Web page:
The Internet is F*cked (but we can fix it) — Nilay Patel at The Verge:
“[T]he entire problem, expressed in four simple ideas: the internet is a utility, there is zero meaningful competition to provide that utility to Americans, all internet providers should be treated equally, and the FCC is doing a miserably ineffective job. The United States should lead the world in broadband deployment and speeds: we should have the lowest prices, the best service, and the most competition. We should have the freest speech and the loudest voices, the best debate and the soundest policy. We are home to the most innovative technology companies in the world, and we should have the broadband networks to match.”
You Won’t Have Broadband Competition Without Regulation — Felix Salmon at Reuters:
“[W]e already have perfectly adequate pipes running into our homes, capable of delivering enough broadband for nearly everybody’s purposes. Creating a massive parallel national network of new pipes (or pCells, or whatever) is, frankly, a waste of money. The economics of wholesale bandwidth are little-understood, but they’re also incredibly effective, and have created a system whereby the amount of bandwidth in the US is more than enough to meet the needs of all its inhabitants. What’s more, as demand increases, the supply of bandwidth quite naturally increases to meet it. What we don’t need is anybody spending hundreds of billions of dollars to build out a brand-new nationwide broadband network. What we do need, on the other hand, is the ability of different companies to provide broadband services to America’s households. And here’s where the real problem lies: the cable companies own the cable pipes, and the regulators refuse to force them to allow anybody else to provide services over those pipes. This is called local loop unbundling, it’s the main reason for low broadband prices in Europe, and of course it’s vehemently opposed by the cable companies.”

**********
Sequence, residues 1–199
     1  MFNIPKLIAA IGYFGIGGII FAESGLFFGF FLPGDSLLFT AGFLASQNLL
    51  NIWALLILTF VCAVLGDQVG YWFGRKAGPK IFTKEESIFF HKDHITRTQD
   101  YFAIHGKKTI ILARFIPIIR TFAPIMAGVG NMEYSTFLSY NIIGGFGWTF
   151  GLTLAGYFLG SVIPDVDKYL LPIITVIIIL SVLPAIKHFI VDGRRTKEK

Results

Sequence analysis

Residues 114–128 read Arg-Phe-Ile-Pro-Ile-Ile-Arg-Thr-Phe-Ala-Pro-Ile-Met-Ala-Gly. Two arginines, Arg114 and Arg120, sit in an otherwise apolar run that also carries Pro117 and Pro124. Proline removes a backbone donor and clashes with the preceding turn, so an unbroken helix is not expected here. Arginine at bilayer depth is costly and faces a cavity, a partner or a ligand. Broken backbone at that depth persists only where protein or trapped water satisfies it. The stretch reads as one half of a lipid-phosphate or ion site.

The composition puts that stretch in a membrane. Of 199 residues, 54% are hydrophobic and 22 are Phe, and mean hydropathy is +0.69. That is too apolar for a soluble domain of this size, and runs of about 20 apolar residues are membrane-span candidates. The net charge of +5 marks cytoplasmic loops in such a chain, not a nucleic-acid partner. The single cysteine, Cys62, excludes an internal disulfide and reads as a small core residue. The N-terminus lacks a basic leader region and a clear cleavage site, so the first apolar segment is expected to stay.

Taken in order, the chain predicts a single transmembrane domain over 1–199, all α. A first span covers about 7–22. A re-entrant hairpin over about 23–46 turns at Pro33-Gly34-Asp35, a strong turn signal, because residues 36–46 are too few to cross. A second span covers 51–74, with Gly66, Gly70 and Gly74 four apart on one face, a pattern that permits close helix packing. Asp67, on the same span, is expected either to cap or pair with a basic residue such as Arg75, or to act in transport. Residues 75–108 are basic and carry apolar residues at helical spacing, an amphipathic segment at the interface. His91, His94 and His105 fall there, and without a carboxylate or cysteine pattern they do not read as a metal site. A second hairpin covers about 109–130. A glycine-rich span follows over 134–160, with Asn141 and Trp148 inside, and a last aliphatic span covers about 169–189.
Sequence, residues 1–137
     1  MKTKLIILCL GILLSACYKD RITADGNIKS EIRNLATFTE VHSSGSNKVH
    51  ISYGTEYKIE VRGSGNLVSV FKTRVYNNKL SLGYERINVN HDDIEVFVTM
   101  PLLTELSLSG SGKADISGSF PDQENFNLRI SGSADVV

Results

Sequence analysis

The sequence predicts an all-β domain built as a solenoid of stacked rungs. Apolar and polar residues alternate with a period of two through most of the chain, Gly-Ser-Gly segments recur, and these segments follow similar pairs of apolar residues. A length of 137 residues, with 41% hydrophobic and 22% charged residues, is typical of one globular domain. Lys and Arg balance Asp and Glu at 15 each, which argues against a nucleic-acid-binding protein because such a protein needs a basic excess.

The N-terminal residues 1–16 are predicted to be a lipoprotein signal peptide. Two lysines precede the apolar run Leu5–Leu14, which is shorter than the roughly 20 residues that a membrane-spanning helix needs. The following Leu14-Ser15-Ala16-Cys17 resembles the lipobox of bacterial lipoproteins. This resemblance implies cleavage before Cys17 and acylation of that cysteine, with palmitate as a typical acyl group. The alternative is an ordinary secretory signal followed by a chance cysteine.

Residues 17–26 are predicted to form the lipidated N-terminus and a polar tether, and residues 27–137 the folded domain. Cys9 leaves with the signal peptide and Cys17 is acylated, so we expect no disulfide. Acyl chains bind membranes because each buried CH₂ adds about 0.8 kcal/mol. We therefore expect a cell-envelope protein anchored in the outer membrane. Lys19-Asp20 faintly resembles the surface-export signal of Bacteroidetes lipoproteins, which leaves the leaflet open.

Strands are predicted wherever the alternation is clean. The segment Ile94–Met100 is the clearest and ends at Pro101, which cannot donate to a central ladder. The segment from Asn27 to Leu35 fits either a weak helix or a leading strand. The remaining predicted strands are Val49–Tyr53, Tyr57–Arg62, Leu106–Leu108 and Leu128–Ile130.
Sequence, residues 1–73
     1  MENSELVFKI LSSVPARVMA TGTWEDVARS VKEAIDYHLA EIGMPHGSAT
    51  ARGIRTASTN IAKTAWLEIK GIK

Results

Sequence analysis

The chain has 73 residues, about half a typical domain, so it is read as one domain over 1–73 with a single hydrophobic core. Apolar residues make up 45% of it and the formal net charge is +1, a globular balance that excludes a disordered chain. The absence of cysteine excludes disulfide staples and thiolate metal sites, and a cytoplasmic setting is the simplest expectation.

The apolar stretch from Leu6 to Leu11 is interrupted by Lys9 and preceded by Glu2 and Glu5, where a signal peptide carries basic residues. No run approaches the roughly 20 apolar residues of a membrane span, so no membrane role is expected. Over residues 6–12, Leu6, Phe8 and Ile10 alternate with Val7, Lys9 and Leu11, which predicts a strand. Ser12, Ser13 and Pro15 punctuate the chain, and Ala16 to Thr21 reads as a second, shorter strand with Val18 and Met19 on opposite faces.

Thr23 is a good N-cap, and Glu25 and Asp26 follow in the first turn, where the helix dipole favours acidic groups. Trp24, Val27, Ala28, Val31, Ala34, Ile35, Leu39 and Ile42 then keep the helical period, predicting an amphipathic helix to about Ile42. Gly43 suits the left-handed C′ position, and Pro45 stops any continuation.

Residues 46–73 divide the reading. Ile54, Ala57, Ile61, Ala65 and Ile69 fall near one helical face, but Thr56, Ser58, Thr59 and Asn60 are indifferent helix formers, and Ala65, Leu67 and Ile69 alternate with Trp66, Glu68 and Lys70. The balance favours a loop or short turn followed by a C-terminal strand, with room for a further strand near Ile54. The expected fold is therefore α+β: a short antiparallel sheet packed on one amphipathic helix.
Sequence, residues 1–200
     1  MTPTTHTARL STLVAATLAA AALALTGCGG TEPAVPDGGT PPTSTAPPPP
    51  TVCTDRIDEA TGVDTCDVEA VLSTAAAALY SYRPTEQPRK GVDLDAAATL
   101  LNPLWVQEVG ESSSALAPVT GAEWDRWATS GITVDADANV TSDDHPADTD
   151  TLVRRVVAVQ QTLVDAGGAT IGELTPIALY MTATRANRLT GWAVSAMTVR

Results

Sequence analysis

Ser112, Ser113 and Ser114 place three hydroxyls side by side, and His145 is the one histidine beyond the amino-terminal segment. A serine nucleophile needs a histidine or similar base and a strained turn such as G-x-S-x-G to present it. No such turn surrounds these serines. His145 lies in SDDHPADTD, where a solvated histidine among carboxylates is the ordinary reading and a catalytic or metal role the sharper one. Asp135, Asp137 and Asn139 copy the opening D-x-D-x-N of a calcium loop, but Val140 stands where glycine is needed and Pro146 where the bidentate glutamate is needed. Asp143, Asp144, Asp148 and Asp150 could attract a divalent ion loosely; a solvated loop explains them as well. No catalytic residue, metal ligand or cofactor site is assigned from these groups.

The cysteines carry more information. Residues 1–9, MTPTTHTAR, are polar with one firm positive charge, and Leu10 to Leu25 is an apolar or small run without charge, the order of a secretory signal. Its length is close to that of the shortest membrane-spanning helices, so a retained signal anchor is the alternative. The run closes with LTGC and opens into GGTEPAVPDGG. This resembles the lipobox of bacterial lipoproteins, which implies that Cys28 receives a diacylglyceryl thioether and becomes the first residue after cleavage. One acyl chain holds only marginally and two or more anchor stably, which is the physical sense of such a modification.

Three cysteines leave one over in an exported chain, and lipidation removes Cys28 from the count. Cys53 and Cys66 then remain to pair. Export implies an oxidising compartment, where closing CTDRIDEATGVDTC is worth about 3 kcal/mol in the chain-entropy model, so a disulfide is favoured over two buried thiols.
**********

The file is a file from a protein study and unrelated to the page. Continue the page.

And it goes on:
America’s 10-Year Experiment in Broadband Investment Has Failed — Brendan Greeley at Bloomberg:
Why Super-Fast Internet Is Coming Super Slowly; The FCC Could Change this Overnight by Focusing on What’s Best for the Economy, Not Just for Those it Regulates. — Andy Kessler at The Wall Street Journal
According to people like Verizon’s CEO, the US is number one in broadband, no question about it. But one only has to look around the world to see just how specious such claims are. Take Hong Kong as an example. City Telecom made waves a few months ago with its US$13, symmetric 100Mbps connections. Today, the company slashed prices on its much faster 1Gbps fiber-to-the-home offering; a fully symmetric, 1Gbps connection costs HK$199… or US$26 a month.
Nate Anderson, writing at Ars Technica.